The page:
Once the photos are selected I actually copy them to a separate “selects” folder and that is the folder I bring into my editing program, Lightroom. I have presets that are my own recipes from purchased presets (some many years old) and I usually choose a single preset to apply to all the photos and then go back through and fix the ones it doesn’t work for. I flip often between library view and editing view to make sure I can see the whole set of images to be sure they have a similar look and feel across the gallery.
Then I choose a small selection to make black and white. My preference for black & white is to make a copy of those particular images so my clients have choices but never have to ask me for a color copy. The black & white is usually just my preference for a particular image but they always have the color version in addition to the black & white. I have heard so many complaints about this from my friends (not my clients) over the years about a photographer that didn’t give them the color photo and they wanted it.
Once the b&w photos are chosen and changed I am ready for the export part of my portrait session workflow. I export through LR into a separate edits folder. Export settings is a whole other discussion (and dare I say argument) between photographers. I’ll get into that in another blog post.
Uploading & releasing the gallery
Once the finished edited photos are exported into a separate “edits” folder for that particular shoot, I prepare the gallery for upload. At this point, every session has an originals folder, a selects folder, and an edits folder. I personally use Pixieset for all of my client galleries. There are tons of beautiful gallery options out there but I have loved the cleanness and simplicity of Pixieset for years now. I think the client interface is beautiful as well as the backend photographer options. Plus they are continually adding new capabilities, and just in the last few years you can do almost everything from Pixieset including using them as your studio manager, your website, your client galleries, and your print store. I sell all my digital files, prints, and wall art through the online gallery, and even digital downloads for a full gallery. It truly is a great system. You can set reminder emails, password protect the galleries, and also expire them after a set amount of time.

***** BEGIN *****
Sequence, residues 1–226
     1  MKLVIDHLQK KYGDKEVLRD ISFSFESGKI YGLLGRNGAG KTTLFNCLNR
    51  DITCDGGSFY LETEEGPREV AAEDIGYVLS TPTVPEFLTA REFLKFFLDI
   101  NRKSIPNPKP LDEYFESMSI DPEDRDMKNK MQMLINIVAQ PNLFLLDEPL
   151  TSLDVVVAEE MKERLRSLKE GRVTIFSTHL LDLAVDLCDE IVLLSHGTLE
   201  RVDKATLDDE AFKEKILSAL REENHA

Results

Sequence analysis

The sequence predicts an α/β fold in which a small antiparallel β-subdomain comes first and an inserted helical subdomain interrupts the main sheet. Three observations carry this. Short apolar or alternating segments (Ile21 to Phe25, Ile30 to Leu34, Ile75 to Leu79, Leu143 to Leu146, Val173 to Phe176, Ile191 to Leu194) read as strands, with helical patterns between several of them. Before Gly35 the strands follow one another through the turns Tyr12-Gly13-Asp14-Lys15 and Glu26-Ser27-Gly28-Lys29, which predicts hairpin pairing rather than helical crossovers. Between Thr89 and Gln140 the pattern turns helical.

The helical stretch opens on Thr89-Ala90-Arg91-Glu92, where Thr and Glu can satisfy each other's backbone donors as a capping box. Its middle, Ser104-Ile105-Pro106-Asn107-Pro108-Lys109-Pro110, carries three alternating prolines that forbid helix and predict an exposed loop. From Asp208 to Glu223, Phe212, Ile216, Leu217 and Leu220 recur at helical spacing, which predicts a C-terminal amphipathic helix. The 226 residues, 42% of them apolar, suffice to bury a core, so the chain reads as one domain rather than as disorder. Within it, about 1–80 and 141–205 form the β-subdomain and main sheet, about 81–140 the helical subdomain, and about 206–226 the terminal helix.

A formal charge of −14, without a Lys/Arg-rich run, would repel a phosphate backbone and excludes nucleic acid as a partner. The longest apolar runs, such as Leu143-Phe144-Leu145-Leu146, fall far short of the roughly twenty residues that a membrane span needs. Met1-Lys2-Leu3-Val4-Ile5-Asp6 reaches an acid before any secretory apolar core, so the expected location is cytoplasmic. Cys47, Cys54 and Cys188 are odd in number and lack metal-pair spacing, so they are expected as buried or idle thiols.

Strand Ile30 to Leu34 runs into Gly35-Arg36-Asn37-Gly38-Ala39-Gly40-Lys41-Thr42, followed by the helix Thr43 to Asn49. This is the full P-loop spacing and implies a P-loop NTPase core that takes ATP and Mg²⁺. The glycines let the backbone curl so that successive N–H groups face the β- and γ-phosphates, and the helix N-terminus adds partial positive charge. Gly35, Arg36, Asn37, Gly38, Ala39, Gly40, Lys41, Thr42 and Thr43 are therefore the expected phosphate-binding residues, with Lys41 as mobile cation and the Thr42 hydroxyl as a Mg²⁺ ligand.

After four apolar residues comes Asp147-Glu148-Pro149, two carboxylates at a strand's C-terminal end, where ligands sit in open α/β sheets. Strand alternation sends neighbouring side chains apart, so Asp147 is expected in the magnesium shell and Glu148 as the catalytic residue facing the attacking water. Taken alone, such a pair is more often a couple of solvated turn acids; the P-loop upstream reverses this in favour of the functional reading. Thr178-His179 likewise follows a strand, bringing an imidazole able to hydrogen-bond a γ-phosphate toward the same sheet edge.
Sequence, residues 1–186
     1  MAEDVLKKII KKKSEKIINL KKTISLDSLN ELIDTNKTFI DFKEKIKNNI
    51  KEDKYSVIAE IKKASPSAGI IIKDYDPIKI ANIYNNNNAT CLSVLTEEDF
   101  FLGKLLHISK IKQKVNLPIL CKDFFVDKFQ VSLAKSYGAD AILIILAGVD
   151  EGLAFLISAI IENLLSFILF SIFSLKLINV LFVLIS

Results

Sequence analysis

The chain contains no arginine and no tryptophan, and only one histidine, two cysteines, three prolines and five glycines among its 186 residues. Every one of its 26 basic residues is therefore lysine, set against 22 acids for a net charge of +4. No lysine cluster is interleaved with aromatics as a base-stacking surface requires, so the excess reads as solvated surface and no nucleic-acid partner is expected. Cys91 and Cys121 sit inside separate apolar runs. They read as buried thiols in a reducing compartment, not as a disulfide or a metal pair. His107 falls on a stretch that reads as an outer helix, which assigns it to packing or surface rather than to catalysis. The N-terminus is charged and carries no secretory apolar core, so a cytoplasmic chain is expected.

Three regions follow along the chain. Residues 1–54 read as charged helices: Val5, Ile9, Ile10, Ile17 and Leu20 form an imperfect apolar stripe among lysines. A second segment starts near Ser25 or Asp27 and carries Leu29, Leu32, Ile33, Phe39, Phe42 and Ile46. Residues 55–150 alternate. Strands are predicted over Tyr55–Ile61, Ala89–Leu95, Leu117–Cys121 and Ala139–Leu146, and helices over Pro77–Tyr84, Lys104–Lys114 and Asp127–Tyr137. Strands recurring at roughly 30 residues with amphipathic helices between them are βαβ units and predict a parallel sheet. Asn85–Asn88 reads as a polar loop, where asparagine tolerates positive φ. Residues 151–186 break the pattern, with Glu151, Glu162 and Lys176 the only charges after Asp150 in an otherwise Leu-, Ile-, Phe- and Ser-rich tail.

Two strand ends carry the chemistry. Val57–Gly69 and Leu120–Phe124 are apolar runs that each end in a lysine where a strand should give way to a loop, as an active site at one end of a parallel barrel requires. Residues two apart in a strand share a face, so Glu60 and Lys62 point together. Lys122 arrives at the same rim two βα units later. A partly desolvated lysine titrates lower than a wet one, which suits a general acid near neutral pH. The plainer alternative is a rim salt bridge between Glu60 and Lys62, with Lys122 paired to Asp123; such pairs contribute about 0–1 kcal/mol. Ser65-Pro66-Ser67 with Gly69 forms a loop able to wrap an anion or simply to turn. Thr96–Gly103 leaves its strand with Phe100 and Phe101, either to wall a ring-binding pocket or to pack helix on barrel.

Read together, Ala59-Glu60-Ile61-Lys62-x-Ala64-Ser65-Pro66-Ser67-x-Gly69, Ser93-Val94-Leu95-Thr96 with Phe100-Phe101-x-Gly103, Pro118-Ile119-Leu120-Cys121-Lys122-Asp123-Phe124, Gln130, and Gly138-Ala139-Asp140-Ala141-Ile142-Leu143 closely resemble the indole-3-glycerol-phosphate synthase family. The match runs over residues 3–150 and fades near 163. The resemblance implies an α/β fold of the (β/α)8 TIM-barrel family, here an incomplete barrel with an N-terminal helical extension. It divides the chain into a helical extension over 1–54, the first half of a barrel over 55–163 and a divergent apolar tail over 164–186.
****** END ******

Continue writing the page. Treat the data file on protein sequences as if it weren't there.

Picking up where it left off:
Lastly, since you are uploading full size files this works as an online backup for as long as you use them (or until you use up your space and erase older sessions). I find this useful to keep the last year or so of images up online while I work to backup all the edited photos on a separate, more permanent backup system in the cloud.
You need to choose an option for permanent backup. Earlier I mentioned I backup all of my edited photos (every one I’ve ever taken for clients) in “the cloud”. I laugh because I never fully understood the cloud, but years ago I was part of Zenfolio (another great client gallery option) and just kept them as I transitioned to different interfaces for my clients. So I have a very low paying option with them to host ALL of my photos and backup every final gallery with them. There are hundreds of options for cloud storage, I just kept Zenfolio because that’s where I already had years of photos.
So here is a very pared down version of my portrait session workflow. It seems as if all of this is done at once but this really takes weeks. Usually the download and backup is fast, then a few days for the choosing and editing, and another day or so for export, upload, and gallery release.